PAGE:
Western Europe and the First ABM Debate: 1965-72
To better understand Western European concerns about SDI it would be useful to examine European attitudes toward missile defenses during the ABM debates of the late 1960s and early 1970s. Though much has changed, both in terms of the strategic environment and the technology that can support missile defense systems, European anxieties over SDI are not dissimilar to those concerns raised during the first ABM debate.
For the sake of analysis, early European reaction to the concept of ABM will be divided into two periods. The first period runs roughly from 1965 to 1969, when existence of the Soviet Union's ABM network was confirmed and the possibility of American emulation became real. During this period, European reaction and attitudes toward BMD can be characterized as ambivalent. At the very least, there existed in Europe the attitude that such decisions concerning strategic forces are better left to the Americans. Informed discussion of ABM in Western Europe was confined to very limited circles, although some generalized and occasionally sensationalized treatment was afforded the subject in the popular press.1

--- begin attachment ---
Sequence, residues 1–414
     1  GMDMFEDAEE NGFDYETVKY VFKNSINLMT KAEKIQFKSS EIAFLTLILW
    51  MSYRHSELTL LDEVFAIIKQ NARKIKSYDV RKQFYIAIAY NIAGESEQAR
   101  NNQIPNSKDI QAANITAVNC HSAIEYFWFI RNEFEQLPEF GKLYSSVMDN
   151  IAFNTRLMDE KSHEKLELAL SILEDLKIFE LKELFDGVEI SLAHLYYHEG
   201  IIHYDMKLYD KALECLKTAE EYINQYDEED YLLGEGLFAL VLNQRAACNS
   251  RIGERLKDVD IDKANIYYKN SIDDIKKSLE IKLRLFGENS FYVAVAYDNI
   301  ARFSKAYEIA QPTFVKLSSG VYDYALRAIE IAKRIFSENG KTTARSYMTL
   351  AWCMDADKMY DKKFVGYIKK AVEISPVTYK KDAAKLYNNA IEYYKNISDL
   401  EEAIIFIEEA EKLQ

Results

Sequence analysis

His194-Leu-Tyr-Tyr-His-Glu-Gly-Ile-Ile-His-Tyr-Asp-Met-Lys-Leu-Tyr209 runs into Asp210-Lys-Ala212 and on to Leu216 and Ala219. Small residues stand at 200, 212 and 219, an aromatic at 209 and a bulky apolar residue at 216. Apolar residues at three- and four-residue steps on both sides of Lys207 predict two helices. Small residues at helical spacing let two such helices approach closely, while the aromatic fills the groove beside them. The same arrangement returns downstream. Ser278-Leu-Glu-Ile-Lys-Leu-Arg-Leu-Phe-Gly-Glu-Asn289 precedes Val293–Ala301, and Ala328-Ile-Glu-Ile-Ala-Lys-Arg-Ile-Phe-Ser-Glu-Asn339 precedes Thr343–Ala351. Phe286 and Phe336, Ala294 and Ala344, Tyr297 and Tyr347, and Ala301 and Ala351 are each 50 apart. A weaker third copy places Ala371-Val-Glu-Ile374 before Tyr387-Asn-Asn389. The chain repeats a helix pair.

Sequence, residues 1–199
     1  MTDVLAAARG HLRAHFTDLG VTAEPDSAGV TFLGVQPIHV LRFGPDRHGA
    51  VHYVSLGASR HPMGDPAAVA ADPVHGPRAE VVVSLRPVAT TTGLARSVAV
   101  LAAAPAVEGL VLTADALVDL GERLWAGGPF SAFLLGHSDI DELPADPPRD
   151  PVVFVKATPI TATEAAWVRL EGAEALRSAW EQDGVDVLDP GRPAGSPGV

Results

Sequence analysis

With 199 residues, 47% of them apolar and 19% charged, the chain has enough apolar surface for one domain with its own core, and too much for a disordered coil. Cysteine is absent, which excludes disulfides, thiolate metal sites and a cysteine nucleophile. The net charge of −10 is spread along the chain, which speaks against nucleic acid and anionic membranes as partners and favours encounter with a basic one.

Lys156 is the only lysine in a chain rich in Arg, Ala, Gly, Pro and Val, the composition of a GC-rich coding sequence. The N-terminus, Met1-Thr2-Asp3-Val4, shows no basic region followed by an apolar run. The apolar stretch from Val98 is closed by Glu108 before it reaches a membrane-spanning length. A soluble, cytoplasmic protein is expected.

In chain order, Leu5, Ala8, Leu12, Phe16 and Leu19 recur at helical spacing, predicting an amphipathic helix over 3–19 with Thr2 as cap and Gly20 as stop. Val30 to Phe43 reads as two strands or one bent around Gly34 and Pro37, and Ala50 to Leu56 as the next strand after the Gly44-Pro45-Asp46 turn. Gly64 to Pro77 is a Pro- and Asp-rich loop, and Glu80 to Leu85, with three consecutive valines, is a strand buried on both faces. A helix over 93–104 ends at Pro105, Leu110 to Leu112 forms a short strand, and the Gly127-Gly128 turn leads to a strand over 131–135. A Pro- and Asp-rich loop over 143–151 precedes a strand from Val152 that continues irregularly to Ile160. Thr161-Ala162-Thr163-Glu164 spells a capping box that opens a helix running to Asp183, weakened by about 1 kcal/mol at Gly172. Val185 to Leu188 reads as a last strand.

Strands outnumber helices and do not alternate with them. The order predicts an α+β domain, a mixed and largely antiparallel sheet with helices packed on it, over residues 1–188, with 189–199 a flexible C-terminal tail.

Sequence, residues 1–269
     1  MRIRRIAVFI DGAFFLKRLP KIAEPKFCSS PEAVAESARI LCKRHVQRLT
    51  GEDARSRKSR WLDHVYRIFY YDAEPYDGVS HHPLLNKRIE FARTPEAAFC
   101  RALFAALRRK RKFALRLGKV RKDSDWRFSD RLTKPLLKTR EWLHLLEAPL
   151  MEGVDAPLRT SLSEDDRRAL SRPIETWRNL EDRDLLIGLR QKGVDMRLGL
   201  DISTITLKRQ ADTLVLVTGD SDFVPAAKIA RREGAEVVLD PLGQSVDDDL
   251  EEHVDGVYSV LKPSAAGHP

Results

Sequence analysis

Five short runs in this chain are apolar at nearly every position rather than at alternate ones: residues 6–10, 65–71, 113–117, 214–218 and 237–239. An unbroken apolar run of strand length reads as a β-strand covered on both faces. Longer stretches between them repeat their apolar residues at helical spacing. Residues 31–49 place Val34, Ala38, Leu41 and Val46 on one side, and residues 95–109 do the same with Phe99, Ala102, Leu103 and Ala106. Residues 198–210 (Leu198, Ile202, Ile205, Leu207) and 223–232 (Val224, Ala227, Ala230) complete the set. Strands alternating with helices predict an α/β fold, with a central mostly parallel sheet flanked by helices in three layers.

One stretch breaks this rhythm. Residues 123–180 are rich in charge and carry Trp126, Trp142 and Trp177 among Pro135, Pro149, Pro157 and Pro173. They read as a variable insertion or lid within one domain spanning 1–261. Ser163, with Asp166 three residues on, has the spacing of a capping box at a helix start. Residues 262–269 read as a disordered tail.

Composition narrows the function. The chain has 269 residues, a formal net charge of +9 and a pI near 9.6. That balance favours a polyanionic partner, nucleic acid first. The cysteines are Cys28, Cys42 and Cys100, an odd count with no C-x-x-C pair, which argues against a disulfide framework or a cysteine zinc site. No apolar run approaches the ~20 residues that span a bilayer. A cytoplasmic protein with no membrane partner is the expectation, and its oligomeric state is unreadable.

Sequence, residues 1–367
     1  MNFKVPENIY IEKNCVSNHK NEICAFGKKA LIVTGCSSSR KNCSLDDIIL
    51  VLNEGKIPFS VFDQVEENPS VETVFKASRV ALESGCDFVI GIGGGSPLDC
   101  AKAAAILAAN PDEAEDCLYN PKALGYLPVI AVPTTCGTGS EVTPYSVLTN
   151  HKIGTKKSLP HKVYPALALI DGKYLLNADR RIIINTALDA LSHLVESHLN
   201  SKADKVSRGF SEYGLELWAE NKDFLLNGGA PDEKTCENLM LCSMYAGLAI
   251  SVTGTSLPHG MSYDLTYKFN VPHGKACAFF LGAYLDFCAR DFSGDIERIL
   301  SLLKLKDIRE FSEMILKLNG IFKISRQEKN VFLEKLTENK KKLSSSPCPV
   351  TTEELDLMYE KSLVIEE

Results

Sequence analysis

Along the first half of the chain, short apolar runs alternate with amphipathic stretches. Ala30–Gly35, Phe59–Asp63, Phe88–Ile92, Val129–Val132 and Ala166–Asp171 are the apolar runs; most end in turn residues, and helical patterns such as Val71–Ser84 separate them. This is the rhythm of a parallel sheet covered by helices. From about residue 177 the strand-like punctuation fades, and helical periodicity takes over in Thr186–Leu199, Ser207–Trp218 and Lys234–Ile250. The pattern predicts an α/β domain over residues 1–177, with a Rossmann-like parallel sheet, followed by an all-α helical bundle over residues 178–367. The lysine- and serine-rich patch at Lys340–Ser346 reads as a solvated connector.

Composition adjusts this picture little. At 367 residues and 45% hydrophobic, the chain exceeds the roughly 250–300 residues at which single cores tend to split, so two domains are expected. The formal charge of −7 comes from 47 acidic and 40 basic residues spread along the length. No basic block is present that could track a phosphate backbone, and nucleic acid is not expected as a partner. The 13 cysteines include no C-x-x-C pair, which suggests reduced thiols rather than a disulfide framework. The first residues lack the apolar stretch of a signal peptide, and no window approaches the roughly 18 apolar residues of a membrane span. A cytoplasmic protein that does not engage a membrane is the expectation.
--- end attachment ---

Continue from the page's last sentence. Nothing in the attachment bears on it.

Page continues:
The second period coincides with the emergence of Germany's Ostpolitik and the U.S.-Soviet SALT negotiations. This post-1969 period also contains the already emerging vociferous public debate in the United States over ABM. During this period, official and public European reaction to ABM took its cue from critics in the United States and became overwhelmingly hostile both to the idea of BMD and to adoption of BMD by the United States. By this time, most of the arguments against ABM that may have been fomenting during the first period had surfaced and were being used to support ratification of the 1972 ABM Treaty.
The distinction between these two periods should not be overdrawn. Com-